CBT is actually just a heavily diluted plagiarism of a much more robust ancient Greek philosophy called Stoicism.
>> No. 27911 Anonymous
18th January 2019
Friday 8:53 pm
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>>27910
>CBT is actually just a heavily diluted plagiarism of a much more robust ancient Greek philosophy called Stoicism.

And why is this a problem?
>> No. 27913 Anonymous
18th January 2019
Friday 9:46 pm
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>>27911
It's not. That was meant to be encouraging towards checking out Stoicism.
>> No. 27914 Anonymous
18th January 2019
Friday 10:39 pm
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>>27910

>CBT is actually just a heavily diluted plagiarism of a much more robust ancient Greek philosophy called Stoicism.

To be slightly pedantic, it's really a systematised plagiarism of REBT. There are clear Stoic influences on REBT and CBT, but the Buddha was saying more or less the same things 200 years earlier.

CBT has the strongest evidence base of any psychotherapy and we know it offers substantial improvements to a large proportion of patients in the short-term. You're right to say that the long-term evidence is quite weak, but a treatment that works in the short-term is still very much worth having. The bigger issue IMO is that although there's reasonably strong evidence for CBT, we've never actually run clinical trials on the specific form of CBT delivered by IAPT services. The fact that CBT works when delivered by a clinical psychologist over 12 to 20 one-hour sessions doesn't tell us much about the benefits of six half-hour sessions with a Psychological Wellbeing Practitioner.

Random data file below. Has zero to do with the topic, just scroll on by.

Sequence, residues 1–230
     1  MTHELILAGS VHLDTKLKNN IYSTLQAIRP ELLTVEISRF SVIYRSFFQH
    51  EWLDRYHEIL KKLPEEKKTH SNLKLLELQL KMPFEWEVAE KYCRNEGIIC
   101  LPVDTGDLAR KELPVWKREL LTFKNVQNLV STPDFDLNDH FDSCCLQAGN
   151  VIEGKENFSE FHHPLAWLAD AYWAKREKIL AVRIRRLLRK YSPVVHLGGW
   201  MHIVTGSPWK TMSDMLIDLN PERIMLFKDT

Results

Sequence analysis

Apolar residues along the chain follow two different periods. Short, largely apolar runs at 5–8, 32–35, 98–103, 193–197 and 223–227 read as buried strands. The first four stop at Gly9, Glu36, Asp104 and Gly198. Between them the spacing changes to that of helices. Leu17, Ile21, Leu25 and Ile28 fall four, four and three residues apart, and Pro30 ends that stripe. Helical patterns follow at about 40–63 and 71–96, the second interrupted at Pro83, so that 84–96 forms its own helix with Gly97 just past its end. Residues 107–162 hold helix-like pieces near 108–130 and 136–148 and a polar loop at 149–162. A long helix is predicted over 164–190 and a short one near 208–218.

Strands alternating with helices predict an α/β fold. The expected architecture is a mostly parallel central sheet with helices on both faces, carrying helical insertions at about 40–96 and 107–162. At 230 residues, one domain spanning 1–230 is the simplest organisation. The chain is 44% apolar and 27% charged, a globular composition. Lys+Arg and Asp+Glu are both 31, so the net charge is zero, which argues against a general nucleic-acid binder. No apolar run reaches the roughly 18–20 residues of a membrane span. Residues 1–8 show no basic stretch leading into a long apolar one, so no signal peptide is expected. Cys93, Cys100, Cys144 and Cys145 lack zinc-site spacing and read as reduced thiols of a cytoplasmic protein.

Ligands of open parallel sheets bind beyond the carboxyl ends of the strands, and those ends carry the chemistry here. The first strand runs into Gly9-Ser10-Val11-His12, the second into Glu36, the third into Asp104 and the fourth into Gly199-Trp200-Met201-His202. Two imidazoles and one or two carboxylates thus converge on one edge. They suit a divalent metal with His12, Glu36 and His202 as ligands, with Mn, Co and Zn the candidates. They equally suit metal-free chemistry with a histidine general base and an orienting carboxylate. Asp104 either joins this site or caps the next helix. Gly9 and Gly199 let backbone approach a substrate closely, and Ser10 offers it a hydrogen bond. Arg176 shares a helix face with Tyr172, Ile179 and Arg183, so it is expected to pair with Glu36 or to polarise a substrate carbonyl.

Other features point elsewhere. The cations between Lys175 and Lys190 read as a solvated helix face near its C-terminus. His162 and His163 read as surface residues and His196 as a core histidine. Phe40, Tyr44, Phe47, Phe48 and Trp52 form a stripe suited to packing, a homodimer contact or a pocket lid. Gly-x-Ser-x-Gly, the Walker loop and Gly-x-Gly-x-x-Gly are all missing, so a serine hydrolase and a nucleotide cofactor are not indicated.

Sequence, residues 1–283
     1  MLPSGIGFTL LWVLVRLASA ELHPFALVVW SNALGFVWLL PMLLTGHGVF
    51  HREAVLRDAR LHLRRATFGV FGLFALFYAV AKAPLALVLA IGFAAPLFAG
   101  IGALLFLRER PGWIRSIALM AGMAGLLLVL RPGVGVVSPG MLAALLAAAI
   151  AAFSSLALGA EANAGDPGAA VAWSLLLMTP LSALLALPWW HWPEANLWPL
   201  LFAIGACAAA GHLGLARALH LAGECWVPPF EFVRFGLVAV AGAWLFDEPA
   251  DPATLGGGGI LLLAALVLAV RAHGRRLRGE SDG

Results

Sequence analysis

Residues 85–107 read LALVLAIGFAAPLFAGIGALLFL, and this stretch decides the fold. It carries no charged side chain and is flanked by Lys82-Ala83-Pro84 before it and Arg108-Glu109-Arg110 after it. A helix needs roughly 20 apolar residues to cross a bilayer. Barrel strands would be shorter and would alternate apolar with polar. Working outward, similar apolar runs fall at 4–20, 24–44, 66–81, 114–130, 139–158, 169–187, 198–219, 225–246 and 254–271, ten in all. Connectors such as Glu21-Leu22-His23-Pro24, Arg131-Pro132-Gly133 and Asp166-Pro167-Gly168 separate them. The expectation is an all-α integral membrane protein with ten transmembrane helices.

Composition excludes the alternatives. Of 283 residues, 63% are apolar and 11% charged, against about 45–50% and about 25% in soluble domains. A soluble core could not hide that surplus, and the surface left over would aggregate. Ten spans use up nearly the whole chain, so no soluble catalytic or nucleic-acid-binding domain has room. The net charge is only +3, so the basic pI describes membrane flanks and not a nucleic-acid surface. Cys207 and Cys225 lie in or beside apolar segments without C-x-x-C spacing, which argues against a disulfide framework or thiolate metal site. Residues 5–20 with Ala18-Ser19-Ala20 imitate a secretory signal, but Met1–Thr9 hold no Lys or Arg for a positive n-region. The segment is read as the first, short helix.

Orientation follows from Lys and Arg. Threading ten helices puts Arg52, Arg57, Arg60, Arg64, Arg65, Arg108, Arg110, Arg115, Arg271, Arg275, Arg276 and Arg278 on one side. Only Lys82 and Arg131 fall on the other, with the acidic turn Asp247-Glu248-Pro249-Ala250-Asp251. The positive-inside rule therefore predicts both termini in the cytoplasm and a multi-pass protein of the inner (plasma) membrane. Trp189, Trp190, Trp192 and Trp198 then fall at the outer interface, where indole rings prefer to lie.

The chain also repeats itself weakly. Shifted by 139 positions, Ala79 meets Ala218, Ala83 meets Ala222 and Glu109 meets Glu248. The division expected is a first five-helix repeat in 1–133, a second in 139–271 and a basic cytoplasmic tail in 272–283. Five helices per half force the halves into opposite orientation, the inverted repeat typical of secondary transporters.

I've said this several times on .gs, but it bears repeating - the key to beating depression is to just keep trying. We have lots of effective treatments, but none of them work for everyone and we have no way of predicting which patient will respond to which treatment.

If you took SSRIs and they did nothing for you, try an SNRI or a tricyclic or mirtazapine. If you had psychotherapy and it didn't work out, consider whether the problem was just a mismatch between your needs and that particular therapist or that particular school of therapy. Getting some exercise or starting a new hobby aren't going to cure your depression, but they might offer a slight improvement in your mood that you can continue to build on. The principle of marginal gains comes into play - reducing your symptoms by 5% might seem insignificant if you're in the throes of a deep depression, but it becomes highly significant if you can find five or ten things that each give you a 5% improvement.
>> No. 27915 Anonymous
19th January 2019
Saturday 1:03 am